By 5 December 2017 | Categories: Misc



Not every application belongs in the public cloud. “You may ask astounded: “Say What?’ Especially as most of what we hear today is about moving all your business into the cloud,” says Anton Jacobsz, managing director at value-added distributor, Networks Unlimited. 

Performance, costs and the ability to build a quick and efficient foundation in the cloud are important consideration for every organisation, but why is it that not every application is suitable for the cloud? 

Jacobsz refers to vendor partner Tintri’s white paper with the straightforward title, “Does my application belong in public cloud?” to answer this question. The paper says, “There are the ob­vious reasons like security and compliance requirements in certain industries. But there are also other less obvious considerations that are best identified upfront.” 

These “less obvious considerations” are: rewrites, resource utilisation and data gravity. 

The white paper elaborates on rewrites, stating, “Many enterprise applications were not designed with public cloud in mind—be­fore they can be migrated they must be recoded, retested and refactored. That can add significant time and cost to a migration effort.” 

It points out that resource utilisation refers to applications, such as relational databases, that assume the close proximity of compute, network, and storage resources to deliver the latency and performance required. “If those applications are shifted to public cloud, resources like network bandwidth may become a bottleneck and certainly ar­en’t ‘free’ as they are on-premises. The re­sult can be surprisingly high bills or, worse, outages that you have no control over.” 

Lastly, data gravity, in a nutshell, concerns the moving of data and applications to the public cloud, which creates a centre of gravity that can result in lock-in, making it harder to reclaim those applications later on.   

“Applications also come with varying characteristics. These too need to be examined before a decision is made to move them into the public cloud,” points out Jacobsz. 

The two general types of applications are: traditional enterprise apps (including relational data­bases like SQL Server and Oracle, and the many other legacy applications that your business still relies on, whether commercial or developed in-house); and cloud-native apps (including web, mobile, and other applications that were designed from the ground up to run in the cloud.)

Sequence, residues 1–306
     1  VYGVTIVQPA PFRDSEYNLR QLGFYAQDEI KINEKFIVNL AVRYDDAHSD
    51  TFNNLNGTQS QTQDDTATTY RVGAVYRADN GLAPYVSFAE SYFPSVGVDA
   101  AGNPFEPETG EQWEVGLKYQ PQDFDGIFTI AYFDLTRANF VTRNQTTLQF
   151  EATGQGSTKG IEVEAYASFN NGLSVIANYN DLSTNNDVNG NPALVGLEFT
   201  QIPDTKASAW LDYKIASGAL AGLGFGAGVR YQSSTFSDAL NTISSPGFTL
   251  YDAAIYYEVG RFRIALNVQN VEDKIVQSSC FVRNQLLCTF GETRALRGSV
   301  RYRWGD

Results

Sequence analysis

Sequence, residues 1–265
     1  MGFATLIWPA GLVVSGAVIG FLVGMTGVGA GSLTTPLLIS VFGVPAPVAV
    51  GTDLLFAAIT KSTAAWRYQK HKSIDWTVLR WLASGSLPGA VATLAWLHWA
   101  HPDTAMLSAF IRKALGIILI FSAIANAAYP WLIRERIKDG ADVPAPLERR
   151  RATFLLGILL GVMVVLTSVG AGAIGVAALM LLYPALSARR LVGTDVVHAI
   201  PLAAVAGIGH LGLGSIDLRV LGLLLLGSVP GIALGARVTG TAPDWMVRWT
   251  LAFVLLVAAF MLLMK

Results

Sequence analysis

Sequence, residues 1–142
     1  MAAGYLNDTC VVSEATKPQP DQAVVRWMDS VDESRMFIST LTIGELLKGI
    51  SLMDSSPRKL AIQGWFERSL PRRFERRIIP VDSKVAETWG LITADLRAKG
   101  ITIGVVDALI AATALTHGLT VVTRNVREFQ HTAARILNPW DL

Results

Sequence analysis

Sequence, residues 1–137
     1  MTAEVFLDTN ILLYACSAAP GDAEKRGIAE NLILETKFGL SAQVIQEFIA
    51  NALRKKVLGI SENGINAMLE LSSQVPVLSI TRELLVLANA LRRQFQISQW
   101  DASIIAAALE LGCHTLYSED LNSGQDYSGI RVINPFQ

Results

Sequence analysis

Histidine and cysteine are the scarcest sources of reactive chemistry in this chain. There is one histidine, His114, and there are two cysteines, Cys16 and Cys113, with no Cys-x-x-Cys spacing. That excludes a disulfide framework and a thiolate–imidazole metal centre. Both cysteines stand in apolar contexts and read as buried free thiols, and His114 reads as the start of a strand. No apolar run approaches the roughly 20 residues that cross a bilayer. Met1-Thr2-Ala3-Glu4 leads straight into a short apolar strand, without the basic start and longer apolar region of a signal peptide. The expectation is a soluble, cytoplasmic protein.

The white paper illustrates what this means for cloud planning, stating: “Enterprise applications require careful consideration before moving to cloud, since these applications often benefit from the greater control that on-premises infrastructure provides. If you simply ‘lift and shift’ these apps into the cloud, you may not be entirely happy with the results. It’s worth understanding why this is the case (and why it may not always be a fair assumption).” 

The jargon “lift and shift” is described in the paper as the process of moving an enterprise application with minimal change to the cloud. “Ideally,” continues the paper, “you’d just move an application with no changes, but that is seldom, if ever, possible. At a minimum, you’ll need to implement new data protection and DR methods. In many cases, you’ll have to do some coding, and you may have to refactor the application to run on cloud infrastructure. You’ll certainly have to retest everything to make sure it continues to meet SLAs. 

“Even after you accomplish this, most enterprise applications end up being expensive to run in the cloud. The problem is that they aren’t elastic. An application that needs four VMs and 2TB of storage may hold those resources 24 x 7 x 365 whether it’s busy or not. Multiply that by 10s or 100s of applications, and the costs add up quickly.” 

“With cost being a major factor in almost every business, you do not want to get a nasty surprise when you receive an astronomical invoice for moving a traditional app into the cloud when it could have remained cost-free and productive on-premises. The point is,” concludes Jacobsz, “that you should first establish how important it is to rewrite your app for the cloud. If your case is not convincing enough, it is more advantageous for your business to keep it grounded.” 

For more information or to arrange a demo, please contact Nigel Wynne, Tintri product manager at Networks Unlimited at



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